A world where airships rule the skies and airplanes were merely a footnote to history — is such a thing possible? Could it really have happened if WW-I had not provided a forcing ground for the development of heavier-than-air flight? Even in our world, airships were the first powered aircraft, a decade before the Wright brothers. Airships flew the first passenger service, the first strategic bombing missions, the first regular commercial flights across the Atlantic, and until WW-II, were unmatched in endurance, range, and cargo capacity. Some of their accomplishments were amazing. The German zeppelin LZ-59 flew more than 4000 miles to Africa and back with 15 tons of cargo… in 1917! In 1926, Roald Amundsen and Umberto Nobile flew across the North Pole in the Italian airship Norge. In 1929, the Graf Zeppelin became the first commercial aircraft to fly around the world. In the 1930s, the US Navy operated two flying aircraft carriers, the Akron and the Macon, each with its own air wing of Curtis F9C-2 ‘Sparrowhawk’ fighters. And the German airship company, DELAG, operated from 1909 until 1937 — almost three decades — flying millions of passenger miles without a single fatality.
Then, with the crash of the Hindenberg on 6 May 1937, it all came to an end. Why?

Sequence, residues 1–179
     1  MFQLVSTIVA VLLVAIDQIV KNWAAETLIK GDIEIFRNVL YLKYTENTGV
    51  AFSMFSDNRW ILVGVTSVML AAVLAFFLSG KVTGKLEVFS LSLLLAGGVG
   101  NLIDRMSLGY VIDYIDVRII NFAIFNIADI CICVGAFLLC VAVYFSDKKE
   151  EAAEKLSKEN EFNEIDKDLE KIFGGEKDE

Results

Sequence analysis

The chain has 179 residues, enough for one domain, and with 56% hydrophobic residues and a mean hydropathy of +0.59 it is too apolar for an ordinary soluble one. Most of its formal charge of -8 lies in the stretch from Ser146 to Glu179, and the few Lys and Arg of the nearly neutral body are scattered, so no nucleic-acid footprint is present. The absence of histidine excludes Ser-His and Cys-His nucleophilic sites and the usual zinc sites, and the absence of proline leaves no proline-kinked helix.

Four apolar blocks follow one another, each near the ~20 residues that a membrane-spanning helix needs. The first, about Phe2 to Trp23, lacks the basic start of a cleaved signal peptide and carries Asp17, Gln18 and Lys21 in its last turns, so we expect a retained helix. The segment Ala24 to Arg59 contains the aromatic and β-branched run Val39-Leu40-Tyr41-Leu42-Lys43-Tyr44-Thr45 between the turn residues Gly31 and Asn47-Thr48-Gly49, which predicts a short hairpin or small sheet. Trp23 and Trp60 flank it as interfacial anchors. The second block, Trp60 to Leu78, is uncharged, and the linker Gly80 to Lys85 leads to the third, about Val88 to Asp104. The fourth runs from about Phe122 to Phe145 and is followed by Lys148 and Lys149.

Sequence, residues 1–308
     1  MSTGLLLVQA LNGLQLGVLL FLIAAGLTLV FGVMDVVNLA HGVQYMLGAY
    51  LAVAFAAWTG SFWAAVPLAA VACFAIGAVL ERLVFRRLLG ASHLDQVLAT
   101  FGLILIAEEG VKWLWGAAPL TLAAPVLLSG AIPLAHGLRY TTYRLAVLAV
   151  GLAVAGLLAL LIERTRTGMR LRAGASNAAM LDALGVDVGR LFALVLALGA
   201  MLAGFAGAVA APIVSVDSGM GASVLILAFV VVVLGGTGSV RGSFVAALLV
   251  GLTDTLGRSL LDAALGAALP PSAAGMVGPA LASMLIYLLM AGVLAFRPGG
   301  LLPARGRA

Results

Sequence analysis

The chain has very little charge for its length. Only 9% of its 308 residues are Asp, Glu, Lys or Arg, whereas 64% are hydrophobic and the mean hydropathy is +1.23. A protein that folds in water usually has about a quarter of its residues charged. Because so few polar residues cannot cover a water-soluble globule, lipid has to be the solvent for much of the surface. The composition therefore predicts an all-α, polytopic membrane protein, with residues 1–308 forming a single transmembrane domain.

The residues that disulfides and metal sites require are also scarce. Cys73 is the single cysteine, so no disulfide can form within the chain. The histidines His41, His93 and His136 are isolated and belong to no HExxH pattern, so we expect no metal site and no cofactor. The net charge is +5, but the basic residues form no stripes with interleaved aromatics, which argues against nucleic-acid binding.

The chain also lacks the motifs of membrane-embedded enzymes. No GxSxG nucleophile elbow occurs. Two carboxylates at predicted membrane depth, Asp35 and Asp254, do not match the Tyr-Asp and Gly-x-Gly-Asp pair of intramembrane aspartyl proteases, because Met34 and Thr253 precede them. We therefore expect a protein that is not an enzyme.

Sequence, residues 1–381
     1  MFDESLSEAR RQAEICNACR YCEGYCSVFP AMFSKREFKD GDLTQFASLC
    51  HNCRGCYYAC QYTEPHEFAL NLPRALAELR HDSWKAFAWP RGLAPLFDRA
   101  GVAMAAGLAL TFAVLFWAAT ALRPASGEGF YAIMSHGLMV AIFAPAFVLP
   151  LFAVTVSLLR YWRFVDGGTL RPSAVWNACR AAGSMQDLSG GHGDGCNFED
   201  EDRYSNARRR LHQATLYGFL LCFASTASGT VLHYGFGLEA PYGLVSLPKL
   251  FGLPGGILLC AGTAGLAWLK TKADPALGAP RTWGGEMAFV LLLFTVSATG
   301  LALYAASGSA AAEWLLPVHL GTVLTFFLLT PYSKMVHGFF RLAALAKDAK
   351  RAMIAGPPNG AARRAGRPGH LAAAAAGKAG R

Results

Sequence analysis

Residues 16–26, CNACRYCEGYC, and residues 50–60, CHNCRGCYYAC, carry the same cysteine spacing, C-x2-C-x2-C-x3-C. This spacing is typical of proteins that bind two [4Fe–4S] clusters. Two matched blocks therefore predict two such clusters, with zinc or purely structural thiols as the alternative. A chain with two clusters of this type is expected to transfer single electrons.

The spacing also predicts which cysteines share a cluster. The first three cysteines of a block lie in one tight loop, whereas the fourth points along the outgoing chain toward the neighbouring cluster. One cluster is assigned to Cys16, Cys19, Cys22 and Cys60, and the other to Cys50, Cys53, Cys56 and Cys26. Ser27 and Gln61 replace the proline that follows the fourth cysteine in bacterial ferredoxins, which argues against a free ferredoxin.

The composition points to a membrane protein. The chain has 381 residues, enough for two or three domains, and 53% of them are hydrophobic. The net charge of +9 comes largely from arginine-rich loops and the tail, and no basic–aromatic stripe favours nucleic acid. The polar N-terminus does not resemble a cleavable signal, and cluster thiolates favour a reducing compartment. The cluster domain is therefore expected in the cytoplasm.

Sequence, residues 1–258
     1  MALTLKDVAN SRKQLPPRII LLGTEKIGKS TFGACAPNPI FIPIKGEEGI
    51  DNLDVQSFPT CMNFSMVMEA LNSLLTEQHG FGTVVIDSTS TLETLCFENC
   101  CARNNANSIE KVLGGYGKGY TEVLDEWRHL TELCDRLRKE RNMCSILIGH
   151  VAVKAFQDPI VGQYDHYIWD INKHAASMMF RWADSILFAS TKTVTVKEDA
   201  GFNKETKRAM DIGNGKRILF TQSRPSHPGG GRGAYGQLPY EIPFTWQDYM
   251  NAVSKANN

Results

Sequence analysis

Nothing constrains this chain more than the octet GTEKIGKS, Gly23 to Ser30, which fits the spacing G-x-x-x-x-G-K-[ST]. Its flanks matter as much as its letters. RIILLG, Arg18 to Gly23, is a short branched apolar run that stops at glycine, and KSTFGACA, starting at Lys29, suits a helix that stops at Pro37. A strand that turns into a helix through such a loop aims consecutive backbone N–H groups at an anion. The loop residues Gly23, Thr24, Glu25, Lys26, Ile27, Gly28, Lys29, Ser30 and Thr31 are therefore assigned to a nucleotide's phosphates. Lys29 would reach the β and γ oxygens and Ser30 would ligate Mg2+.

Some people think airships were doomed to failure because… well… all that hydrogen. But those same people think nothing of climbing aboard an airliner loaded with a hundred tons of highly flamable jet fuel. Others suggest that airships were too slow or expensive, but the price of a modern Zeppelin NT would not be unreasonable for a prototype of a helicopter with the same passenger load.
So what were the problems with airships? One was operations. The Germans routinely assembled up to 200 ground crew to ‘walk’ a ship to and from its mooring. Imagine what modern air travel would be like if airlines had to line up 200 men to drag each jet to and from the gate. And imagine what ticket prices would be like if it took 60 crew members to provide service to 70 passengers. Another was the primitive materials of the day, which left airships so fragile that they sometimes broke up in flight (though this didn’t always lead to a crash, because the ‘wreckage’ could remain aloft). A final problem may have been that manufacturers regarded these vessels as ’ships’, designing and building each one on an individual basis, without any of the immense savings that might have been realized from mass production.
None of these problems seems insurmountable. By the mid-30s, the US Navy had developed mechanized ground-handling equipment that reduced the need for labor. Materials and design were improving, and might have continued to improve if ships had been built in greater numbers. And mass production was most certainly a possibility, for the Germans established crude production lines for their military zeppelins in WW-I. But ‘what might have been’ is not what was, so now the giant airships live on only in memory, aging photographs, and in tales such as this one.